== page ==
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Discussion Starter #1
Just got my block back from the machine shop yesterday and I'm a bit concerned... I took my builder my .030 forged pistons so he could bore the block to the pistons I put one of the pistons in without rings just fooling around and the skirt seems to fit pretty snug but if I brint the piston up to the top of the cylinder is has a considerable amount of movement in every direction. Don't know if this is typical or not?
 

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No, its not typical. You have to use a dial bore gauge to verify what the bores actually are and then measure each piston to determine which one is the best fit for each bore. Did he use a torqueplate when honing? What pistin to wall clearance did you specify when you dropped it off?
 

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It should feel the same, top to bottom. Taper on the walls (loose on the top, tight on the bottom) will prevent the rings from seating properly.

Do you have access to a dial bore gauge so you can check the work?
Wtf is a dial bore guage? Plasti-guage man... Get with the times :what:

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Plastigage wont work when checking piston to cylinder clearances. As soon as the piston gets shoved into the bore the plastigage would be destroyed. Use a dial bore gauge on the cylinder and a digital caliper on the piston. Some digital calipers can do both.

When checking piston to valve clearance, use a wad of playdoh. When installing a crank, then use plastigage.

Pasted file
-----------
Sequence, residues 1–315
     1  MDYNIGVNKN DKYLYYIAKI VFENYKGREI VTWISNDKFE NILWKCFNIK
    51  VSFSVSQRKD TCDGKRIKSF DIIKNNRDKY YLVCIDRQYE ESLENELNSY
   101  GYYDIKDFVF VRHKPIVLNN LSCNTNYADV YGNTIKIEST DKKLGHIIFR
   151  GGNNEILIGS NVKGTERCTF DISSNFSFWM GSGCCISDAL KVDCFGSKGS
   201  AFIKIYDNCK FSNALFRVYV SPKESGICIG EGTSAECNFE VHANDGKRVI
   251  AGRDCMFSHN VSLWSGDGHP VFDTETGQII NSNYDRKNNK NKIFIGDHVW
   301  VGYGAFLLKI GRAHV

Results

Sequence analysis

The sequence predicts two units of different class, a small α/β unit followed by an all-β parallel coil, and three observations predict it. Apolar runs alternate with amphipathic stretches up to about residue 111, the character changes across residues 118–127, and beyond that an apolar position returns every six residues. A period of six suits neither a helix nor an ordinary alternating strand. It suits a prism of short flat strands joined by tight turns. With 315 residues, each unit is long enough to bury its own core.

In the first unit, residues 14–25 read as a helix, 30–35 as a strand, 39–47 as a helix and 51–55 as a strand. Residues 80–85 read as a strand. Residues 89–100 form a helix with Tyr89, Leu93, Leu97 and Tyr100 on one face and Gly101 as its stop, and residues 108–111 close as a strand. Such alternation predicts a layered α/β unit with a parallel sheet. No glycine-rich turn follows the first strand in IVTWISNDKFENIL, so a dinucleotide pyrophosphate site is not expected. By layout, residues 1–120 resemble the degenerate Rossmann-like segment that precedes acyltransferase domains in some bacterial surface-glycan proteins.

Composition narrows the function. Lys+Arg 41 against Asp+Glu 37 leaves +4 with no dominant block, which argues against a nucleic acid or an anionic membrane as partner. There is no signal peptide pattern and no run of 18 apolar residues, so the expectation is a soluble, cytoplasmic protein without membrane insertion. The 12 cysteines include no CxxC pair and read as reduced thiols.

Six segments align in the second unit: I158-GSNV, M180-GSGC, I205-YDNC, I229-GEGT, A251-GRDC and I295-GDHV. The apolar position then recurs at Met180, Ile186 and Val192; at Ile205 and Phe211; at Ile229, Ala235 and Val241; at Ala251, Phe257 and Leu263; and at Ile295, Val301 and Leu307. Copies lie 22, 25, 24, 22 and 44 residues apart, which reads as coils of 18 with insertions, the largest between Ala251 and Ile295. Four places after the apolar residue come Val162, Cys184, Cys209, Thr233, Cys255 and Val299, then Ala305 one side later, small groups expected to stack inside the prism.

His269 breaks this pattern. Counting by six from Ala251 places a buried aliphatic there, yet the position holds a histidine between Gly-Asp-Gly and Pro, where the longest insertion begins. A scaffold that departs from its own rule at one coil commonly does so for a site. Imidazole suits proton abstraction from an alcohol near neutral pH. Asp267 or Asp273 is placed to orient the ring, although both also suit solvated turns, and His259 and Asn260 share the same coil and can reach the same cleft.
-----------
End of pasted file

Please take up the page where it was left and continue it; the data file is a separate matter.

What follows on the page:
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:lmao I was joking guys... Whenever someone around me mentions building an engine, they're like "oh yeah bro, let me know when you build it. I'll bring the plasti-gauge over and we'll assemble it" haha. Just funny to me is all.

Carry on. Listen to NX and WillyT. They have obviously done this quite a few times before ;)

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Just got my block back from the machine shop yesterday and I'm a bit concerned... I took my builder my .030 forged pistons so he could bore the block to the pistons I put one of the pistons in without rings just fooling around and the skirt seems to fit pretty snug but if I brint the piston up to the top of the cylinder is has a considerable amount of movement in every direction. Don't know if this is typical or not?
Cylinders should be perfectly straight from top to bottom. Is the shop reputable? Sounds like they had an issue with that one cylinder and figured it was close enough and that the rings would take up the slack and just honed it a bit to clean up any ridges.

Maybe it was 'the new guy'.
 

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:lmao I was joking guys... Whenever someone around me mentions building an engine, they're like "oh yeah bro, let me know when you build it. I'll bring the plasti-gauge over and we'll assemble it" haha. Just funny to me is all.
Superglue and duct tape!
 

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OK, I feel better now :lmao

Calipers will not help measuring exact piston size, they're just not accurate enough. Especially digital ones, which usually measure in .0005" increments. You'll need a good micrometer to measure skirt size.

Calipers work great for getting a quick idea of general size (STD, .010", .020", etc.) but for precise stuff, micrometers are the way to go.

You may notice I keep posting Mitutoyo stuff. They make real good instruments.
 

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Discussion Starter #12
The shop is very reputable. Maybe I didn't make it clear the cylinder is the same top n bottom the pistons are not. Most pistons are wider at the wrist pin area and skirt right?
 

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Discussion Starter #13
I say the skirt ist tight cuz it goes in first when I say the piston has slop at the top of the cylinder its the very top of the piston the skirt is snug all the way through
 
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